Dan dreams of Australia and leading a quiet existence far away from all the crime and chaos that is crushing his spirit. While dealing drugs may be a profitable job, it also comes with its share of screw-ups, back-stabbings and broken legs. Not the ideal job for a single father trying to raise his daughter in peace. Dan thinks his prayers have been answered when a regular client offers him an offer he can’t refuse. One big last score, Dan’s ticket to Down Under, is to find a kilo of coke in under three hours. His extensive contact list makes Dan confident that the deal is in the bag. In fact, he had vowed himself never again to dance with lady snow, a vow which the prospect of profit effectively killed. After having gotten the goods from an aggressive supplier, he quickly stashes it with the hooker with whom he’s staying. Big mistake. After a pickle with three hoodlums, the crook gets back to his pad to find the blow missing. This sets off a mad race against the clock during which Dan will cross paths with dubious characters and do whatever it takes to save his endangered skin, his only weapon his exhaustive street-smarts regarding the rules of survival in this “business” — rules that he’ll follow by the book, even if it means piling up a few bodies along the way.
Directed with volcanic energy, DEALER is a sturdy thriller that drags its audience full-steam ahead through a Parisian underbelly filled with hoods and thugs. Director Jean Luc Huberlot knows the streets intimately and used his own experience as inspiration for Dan’s odyssey through the horrors of drug trafficking. His hyperrealist treatment oscillates between a documentary and a punk video. Greatly influenced by Nicolas Winding Refn, DEALER remains an ambitious film with a totally unique individuality. Huberlot has created a string of great cinematic characters, first of which is Dan, an anti-hero always on the verge of exploding, played with compelling conviction by Dan Bronchinson. He takes them through a gripping hell where one astounding event after another takes place at a breathtaking pace. Powerhouse dialogue that minutely captures the essence of a gritty Paris is also noteworthy. Co-produced by Jean Mach (8th WONDERLAND), DEALER marks the powerful arrival of one of the most promising voices in French genre cinema. A feature-film baptism filled with noisy and fury that will leave you completely dumbstruck!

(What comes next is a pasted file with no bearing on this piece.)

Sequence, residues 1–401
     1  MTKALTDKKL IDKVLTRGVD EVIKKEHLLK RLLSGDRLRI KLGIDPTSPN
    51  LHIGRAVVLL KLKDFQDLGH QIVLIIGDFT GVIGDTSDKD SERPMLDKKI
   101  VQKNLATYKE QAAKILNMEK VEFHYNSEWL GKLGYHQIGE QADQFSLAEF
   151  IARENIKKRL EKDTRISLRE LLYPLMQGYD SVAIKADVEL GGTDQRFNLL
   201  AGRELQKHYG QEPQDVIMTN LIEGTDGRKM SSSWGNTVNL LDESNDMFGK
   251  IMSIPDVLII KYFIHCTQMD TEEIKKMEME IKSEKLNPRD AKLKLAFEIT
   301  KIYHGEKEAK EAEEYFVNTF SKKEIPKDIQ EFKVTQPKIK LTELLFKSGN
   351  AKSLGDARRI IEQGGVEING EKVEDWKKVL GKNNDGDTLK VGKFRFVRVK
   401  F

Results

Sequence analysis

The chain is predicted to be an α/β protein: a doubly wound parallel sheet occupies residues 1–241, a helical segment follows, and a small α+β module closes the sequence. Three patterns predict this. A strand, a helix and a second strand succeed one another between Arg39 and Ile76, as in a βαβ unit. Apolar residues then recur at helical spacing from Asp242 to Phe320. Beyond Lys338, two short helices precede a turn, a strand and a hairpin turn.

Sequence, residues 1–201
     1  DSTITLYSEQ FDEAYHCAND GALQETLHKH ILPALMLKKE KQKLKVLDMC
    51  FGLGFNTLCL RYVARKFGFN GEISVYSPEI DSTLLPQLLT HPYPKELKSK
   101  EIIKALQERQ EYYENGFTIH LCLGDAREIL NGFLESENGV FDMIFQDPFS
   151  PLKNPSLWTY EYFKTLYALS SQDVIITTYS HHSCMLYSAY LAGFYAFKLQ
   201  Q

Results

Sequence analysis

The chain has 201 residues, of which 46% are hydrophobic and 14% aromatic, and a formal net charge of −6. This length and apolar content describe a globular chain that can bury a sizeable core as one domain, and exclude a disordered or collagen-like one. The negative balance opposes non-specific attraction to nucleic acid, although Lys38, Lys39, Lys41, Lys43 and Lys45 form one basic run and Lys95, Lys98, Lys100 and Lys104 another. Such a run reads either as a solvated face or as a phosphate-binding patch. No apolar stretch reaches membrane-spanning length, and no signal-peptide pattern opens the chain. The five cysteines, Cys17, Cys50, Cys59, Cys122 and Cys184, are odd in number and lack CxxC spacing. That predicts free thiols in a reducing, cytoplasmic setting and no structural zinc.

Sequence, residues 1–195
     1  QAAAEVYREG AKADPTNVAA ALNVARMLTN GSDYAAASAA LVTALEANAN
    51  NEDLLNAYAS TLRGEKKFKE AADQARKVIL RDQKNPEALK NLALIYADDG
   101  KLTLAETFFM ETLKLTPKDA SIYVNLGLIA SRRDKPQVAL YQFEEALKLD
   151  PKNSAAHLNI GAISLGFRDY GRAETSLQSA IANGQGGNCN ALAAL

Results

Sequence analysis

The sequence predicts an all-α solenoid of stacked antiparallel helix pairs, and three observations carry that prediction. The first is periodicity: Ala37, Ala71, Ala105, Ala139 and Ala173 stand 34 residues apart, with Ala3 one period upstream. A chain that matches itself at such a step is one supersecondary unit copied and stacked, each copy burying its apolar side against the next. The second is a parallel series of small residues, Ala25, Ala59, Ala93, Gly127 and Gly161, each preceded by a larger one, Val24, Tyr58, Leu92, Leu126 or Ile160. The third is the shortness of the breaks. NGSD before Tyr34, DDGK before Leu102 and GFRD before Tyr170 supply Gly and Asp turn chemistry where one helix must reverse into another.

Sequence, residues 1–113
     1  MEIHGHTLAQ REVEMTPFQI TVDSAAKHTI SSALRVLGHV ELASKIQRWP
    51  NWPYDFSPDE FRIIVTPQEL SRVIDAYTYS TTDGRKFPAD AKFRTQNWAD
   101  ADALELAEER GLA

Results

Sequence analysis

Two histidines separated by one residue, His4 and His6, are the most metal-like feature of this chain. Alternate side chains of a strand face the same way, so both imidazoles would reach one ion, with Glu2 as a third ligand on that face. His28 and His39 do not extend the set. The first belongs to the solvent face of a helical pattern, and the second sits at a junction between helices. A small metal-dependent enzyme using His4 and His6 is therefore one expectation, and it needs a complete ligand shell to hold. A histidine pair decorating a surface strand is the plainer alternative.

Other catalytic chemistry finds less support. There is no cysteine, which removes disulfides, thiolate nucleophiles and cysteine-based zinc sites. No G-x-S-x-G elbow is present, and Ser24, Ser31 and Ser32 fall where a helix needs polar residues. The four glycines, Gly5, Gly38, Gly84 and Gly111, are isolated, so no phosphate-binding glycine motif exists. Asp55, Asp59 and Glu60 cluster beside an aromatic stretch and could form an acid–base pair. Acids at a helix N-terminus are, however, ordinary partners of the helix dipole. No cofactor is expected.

— Simon Laperrière